I’ve recently been making negative confetti with the hole punched areas and putting them on the enlarger. I’m very disruptive to conventional photographic processes!

“We find that people are very digital or very non digital, and the people who like digital arts such as Johnny Smith who we interviewed two weeks ago, loved digital purely for the fact that its fast. Its interesting that you think this non-digital way is quicker. Can you tell us more about your thoughts here?” 

For me it’s a sense of logistics. I have an idea of what I want to create with a landscape in mind, but the time mounts up from the field trip to the landscape of the shoot, getting the negatives to the lab, receiving them back, manipulating them, and going to the lab again. The actual making of the work - e.g. hole punching, folding, stickering - is actually very quick but the full realisation of the work is quite slow. 

"In Photography, there are two ways of thinking, you either take the photograph, or you make the photograph."

Hole punching your work makes your work more like an object as you have said, your work isn’t solely photography but isn’t really mixed media either, where do you see your craft in terms of categorisation?

So, I always introduce myself as an artist. The word artist in itself is very interesting; when I introduce myself as an artist, people ask me what I paint and then I have to explain that I don’t paint, I work with a photography and before you know it, I'm asked to photograph weddings! 

Photography has had a duel birth and history; in Britain it was celebrated as a tool for the sciences, akin to record keeping, and of course that is how photography is used; but it also has this parallel history which until recently has been relatively overshadowed. It was also invented by Louis Daguerre, who wasn’t an amateur scientist but was trained as a painter, was a showman, and interested in image making. In photography, there are two ways of thinking, you either take the photograph, or you make the photograph. I belong to the second category, I construct my work using photography. It’s that kind of narrative and we’re seeing that work coming through more, both past and present.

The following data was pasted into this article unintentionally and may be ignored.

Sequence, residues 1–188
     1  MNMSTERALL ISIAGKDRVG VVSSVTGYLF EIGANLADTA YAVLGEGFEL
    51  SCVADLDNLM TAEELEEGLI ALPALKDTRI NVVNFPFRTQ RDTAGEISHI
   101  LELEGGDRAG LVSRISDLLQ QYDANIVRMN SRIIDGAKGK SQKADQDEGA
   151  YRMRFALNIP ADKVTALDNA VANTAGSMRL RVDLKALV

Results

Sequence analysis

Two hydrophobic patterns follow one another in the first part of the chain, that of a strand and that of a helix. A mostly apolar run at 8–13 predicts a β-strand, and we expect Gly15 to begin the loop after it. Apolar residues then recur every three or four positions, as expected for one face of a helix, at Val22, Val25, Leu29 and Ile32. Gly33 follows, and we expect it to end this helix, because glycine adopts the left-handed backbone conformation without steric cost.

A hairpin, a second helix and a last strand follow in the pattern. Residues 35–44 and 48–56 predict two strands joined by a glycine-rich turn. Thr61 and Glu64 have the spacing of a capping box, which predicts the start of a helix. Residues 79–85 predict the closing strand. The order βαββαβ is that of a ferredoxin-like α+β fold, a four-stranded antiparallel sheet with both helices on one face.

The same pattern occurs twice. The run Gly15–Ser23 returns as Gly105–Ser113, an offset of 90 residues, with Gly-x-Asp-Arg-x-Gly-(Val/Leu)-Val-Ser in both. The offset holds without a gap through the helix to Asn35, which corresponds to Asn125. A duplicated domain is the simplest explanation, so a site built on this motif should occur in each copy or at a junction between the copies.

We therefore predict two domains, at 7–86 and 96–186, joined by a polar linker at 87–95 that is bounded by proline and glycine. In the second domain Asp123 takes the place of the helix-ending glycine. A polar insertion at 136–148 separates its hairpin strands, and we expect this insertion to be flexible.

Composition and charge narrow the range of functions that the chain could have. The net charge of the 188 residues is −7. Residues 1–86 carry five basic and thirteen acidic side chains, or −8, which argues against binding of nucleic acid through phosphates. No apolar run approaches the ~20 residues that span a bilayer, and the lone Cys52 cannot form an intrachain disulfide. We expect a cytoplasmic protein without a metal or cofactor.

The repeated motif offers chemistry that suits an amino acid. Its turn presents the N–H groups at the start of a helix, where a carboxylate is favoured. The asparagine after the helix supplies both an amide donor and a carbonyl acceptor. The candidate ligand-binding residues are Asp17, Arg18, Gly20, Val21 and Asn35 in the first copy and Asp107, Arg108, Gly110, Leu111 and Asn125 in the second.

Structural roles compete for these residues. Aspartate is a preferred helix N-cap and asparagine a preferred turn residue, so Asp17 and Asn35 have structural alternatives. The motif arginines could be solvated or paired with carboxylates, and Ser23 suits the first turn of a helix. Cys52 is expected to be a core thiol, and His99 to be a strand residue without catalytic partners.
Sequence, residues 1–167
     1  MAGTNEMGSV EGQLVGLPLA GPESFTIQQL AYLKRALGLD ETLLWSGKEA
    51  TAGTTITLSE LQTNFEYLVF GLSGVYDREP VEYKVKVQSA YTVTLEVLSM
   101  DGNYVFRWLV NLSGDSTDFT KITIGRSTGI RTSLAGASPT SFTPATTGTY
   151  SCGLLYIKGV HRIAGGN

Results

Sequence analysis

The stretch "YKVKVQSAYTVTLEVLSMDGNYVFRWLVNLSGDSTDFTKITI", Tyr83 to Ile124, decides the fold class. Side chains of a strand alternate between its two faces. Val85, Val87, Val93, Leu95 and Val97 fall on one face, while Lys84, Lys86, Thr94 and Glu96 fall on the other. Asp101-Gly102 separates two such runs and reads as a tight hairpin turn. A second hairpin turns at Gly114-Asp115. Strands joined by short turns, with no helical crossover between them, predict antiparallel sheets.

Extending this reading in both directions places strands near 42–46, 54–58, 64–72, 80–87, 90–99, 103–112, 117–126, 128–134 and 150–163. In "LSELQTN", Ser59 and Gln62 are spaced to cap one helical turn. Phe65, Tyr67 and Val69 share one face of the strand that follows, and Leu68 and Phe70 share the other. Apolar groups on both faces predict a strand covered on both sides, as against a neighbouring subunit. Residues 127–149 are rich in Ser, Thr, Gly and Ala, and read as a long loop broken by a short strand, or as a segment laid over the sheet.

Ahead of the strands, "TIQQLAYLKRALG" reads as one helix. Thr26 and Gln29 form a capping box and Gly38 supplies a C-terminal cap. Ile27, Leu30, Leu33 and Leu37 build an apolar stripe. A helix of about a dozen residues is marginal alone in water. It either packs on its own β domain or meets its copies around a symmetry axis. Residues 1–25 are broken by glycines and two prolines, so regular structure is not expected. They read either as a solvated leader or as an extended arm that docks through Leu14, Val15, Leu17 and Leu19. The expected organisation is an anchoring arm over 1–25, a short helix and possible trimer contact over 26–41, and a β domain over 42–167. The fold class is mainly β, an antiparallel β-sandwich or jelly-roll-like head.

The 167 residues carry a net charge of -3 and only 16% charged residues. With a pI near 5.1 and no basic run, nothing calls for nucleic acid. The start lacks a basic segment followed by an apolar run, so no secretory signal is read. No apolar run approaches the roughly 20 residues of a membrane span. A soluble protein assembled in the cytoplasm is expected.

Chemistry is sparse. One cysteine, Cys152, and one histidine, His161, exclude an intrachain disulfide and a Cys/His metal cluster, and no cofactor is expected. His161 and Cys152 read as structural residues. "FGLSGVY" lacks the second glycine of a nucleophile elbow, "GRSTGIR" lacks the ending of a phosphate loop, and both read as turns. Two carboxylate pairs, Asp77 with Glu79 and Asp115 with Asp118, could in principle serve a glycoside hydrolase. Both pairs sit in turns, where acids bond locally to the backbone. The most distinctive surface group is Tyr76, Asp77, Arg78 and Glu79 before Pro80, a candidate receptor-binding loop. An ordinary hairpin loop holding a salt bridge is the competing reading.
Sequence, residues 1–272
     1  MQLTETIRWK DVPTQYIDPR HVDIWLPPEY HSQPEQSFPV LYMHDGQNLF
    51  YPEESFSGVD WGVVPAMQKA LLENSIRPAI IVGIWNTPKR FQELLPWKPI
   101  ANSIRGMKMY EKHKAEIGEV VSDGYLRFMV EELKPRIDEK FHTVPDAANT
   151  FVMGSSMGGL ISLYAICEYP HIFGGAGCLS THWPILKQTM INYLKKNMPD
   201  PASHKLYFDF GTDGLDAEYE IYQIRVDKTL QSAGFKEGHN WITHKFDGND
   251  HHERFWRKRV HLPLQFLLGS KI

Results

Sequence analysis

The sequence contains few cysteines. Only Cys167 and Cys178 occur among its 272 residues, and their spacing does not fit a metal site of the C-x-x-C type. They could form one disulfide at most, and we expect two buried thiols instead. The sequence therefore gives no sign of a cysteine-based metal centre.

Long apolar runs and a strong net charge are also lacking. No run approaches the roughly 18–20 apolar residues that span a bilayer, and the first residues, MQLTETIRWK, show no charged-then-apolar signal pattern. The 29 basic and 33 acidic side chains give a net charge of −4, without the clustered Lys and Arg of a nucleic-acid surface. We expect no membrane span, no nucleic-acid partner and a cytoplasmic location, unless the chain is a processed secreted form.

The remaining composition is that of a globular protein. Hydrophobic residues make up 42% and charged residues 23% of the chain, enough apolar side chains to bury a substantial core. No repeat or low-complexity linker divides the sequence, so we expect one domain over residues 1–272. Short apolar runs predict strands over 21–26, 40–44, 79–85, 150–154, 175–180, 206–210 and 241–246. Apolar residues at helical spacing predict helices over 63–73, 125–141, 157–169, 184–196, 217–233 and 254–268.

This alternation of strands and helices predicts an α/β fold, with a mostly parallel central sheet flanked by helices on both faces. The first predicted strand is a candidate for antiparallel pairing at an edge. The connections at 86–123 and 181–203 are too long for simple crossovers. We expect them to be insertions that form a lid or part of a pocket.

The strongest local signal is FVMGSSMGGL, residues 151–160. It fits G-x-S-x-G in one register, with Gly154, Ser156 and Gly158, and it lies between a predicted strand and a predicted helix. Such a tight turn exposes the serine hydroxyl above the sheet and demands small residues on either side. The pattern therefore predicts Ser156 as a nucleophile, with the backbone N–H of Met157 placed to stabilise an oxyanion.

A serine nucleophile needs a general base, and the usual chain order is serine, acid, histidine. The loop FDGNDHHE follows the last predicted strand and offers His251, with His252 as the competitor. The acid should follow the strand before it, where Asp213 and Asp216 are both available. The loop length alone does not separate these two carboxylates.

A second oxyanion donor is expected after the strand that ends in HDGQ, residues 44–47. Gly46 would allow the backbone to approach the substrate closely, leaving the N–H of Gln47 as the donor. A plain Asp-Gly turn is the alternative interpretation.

Of late the term Post-Photography has been used, and I would happily define myself in that camp. 

“That’s what we stand for and believe in too, the idea that Photography has a set of walls around it, but there is all this work that those like yourself are creating and we’re so interested to explore what this less explored medium is.”

The predicted amount of photographs taken in 2020 is in the trillions and we’re totally swimming in these images and I think in a way, that’s the catalyst for thinking more about the photographic image and the desire to explore what they mean and why we choose to create so many of them. Photography has got to where painting was in the 1940s, when abstraction came to the foreground; the sense that we needed to discuss the potential of photographs but also the medium of photography. What is this thing we are using that we are consuming every minute of the day, particularly in lock down? We’re finally reengaging with the medium of photography as a tool for making images rather than as a scientific documentary tool. 

“Thank you, Aliki.”